Pairing: Spike/Xander, mentions of FF characters
Word Count: Um . . . look over there!
Notes/Warnings: Spoilers for Serenity.
Summary: Written for darkhavens's prompt, I'd like to claim a snippet of Out of The Blue, because Spike and Xander on Serenity never gets old.. Let's hope not. Partially inspired by this song.
If It Doesn't Remind Me
Even though he's standing at the crest of a hill that's all weeds and mud, with an excellent view for miles around, in this moment, Spike simply can't believe what he's seeing.
Then, his vague and incomplete memory of a migraine pops up.
“Wo de-bloody-sodding-ma, pet--no playing in the mud!”
Xander looks up from deep contemplation of the mud puddles he's kneeling in, and swatting at with both hands, a daft, delighted grin on his face. That grin—usually accompanied by a hyena sort of laugh Spike's never liked—only sprouts more manic delight, and more teeth as Spike stares.
(He supposes he can only count them both as lucky that Xander's managed not to go into gameface in public for so long before this. It seems he remembers everything except the particulars that make their tenuous existence run relatively smoothly.)
“Spike, this mud is so powerful! This is the first place I've felt it, felt that tingle in my fingers and toes since . . . fuck, since we left Earth. It's like being home,” he says softly, then smiles. He's a lovely, melancholy monster, thigh deep in a mud puddle, and Spike's life is a mess. A perfect, beautiful mess. “I wish you'd let yourself remember it.”
Stepping right over the negligible matter of what he will or won't allow himself to remember, Spike snorts. “Powerful mud? Right. You're such pretty fang zong feng kuang de jie, aren't you?!” A cruelish, unfair-like sort of thing to say, and Spike doesn't exactly mean it. Xander knows he doesn't, and that's more than enough to make Spike feel . . . guilty-ish.
He will never again know Xander as well as Xander knows him. And probably never love Xander as well as Xander loves him. That love is the only thing Spike can't do without, wouldn't sell, barter, or auction away, and he's done worse than kill to keep it. Though he likely needn't have bothered. Xander's heart is as steady as his long memory.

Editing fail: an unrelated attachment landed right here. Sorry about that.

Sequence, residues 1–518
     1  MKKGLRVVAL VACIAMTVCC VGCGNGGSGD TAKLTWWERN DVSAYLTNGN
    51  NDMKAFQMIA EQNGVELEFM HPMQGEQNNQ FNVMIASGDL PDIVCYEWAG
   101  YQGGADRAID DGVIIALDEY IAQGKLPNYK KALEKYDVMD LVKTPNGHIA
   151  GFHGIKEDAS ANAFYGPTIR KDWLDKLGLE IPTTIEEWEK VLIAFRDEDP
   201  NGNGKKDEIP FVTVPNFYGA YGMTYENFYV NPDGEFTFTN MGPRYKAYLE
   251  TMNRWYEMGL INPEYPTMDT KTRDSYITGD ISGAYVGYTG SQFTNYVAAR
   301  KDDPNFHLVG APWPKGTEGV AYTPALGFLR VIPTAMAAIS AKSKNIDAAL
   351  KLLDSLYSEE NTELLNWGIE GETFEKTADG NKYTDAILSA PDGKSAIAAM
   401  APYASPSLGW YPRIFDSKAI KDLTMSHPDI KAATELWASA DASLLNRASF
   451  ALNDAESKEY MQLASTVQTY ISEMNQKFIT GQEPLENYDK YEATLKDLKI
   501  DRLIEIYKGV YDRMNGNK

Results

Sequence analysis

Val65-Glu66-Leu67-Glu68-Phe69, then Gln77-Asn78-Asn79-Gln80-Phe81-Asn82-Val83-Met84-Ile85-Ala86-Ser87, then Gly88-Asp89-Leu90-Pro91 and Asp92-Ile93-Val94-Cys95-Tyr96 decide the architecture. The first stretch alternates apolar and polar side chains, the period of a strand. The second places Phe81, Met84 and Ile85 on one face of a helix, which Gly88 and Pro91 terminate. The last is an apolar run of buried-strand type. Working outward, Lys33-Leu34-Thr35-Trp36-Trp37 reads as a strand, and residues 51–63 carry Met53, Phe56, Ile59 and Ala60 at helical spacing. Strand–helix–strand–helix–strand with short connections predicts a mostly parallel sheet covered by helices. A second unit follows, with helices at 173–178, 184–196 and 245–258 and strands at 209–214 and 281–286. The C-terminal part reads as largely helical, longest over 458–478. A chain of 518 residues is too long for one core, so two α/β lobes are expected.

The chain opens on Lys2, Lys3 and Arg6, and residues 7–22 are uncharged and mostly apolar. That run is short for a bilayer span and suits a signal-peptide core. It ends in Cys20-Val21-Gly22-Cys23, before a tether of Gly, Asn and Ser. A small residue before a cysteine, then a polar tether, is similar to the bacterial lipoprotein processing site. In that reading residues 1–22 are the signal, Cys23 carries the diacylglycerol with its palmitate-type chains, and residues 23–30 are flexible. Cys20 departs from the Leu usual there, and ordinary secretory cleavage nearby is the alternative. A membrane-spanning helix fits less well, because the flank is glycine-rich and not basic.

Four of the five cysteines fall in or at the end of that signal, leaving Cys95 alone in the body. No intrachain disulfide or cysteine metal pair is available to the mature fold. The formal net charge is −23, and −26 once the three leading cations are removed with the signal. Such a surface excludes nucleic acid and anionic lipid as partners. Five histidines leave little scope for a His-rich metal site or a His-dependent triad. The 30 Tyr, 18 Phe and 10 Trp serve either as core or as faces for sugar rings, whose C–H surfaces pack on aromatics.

Sort of the story of their lives. Even if Spike can't remember the half of it.
Such bright thoughts on such an overcast day, he thinks, watching Xander sift through handfuls of mud as if searching for gold. Right on cue, the sky opens up above them, plastering Xander's now ruined lightweight brown tweed suit to him in seconds, and doing the same to Spike's off-white linen.
Needless to say, their fine silk cravats, shirts, and waistcoats are fit only for the trash heap.
Spike takes off his yellow-tinted glasses and folds them. Puts them in his soggy right breast pocket. Behind him, down the other side of the hill, the Arrivals Depot is mostly empty, but for a few transports loading supplies. Crew-members grunt and curse, but more out of habit, than anything. Even Spike can barely hear them over the steady beats of their own hearts and the coursing of their blood.
He's hungry. Has been for weeks and weeks, ever since that bloody, gorramn girl. . . .
In any direction, the only paved places to be seen are the landing pads, and the narrow, lonely road that leads off to New Leicester in one direction, and Abney Park Junction (a pretty name for a squalid little mining town that always smells of mud and metals, desperation and depression). All else is muddy cart-tracks and weedy hummocks, with a few stunted, hardy trees to break up the monotony.
All in shades of tan, dark brown, and a rather vomitous green-purple.
He hates Dyton—bloody hates it. Hates that he's been reduced to it by circumstances he should've controlled better, and Xander has to reduced with him.
“I bloody hate Dyton,” Spike growls, not for the first time. But then, this isn't the first time he's been here. The other times, thankfully, were briefer than this stay looks to be, and were only for the maintaining of his business, not the rebuilding of it. Though that last time, he'd left with more than he'd bargained for, in the form of a ratty, teenaged thief who'd tried to kill Spike more than once.
Xander, of course, had thought the little bastard was darling—and he would, since he was never on the receiving end of pulse pistols, poison, knives, or large, falling objects, whatever the hellish foster child came up with—and mothered the boy shamelessly. Spoiled him rotten, and even went so far as to fund (without promise of repayment, in writing) his own tiny business on Persephone. A business that has grown rapidly enough that, before that bad bit of luck on Londinium, it'd begun to Rival Spike's.
Now . . . Spike's got no business to be rivaled. Is practically a pauper . . .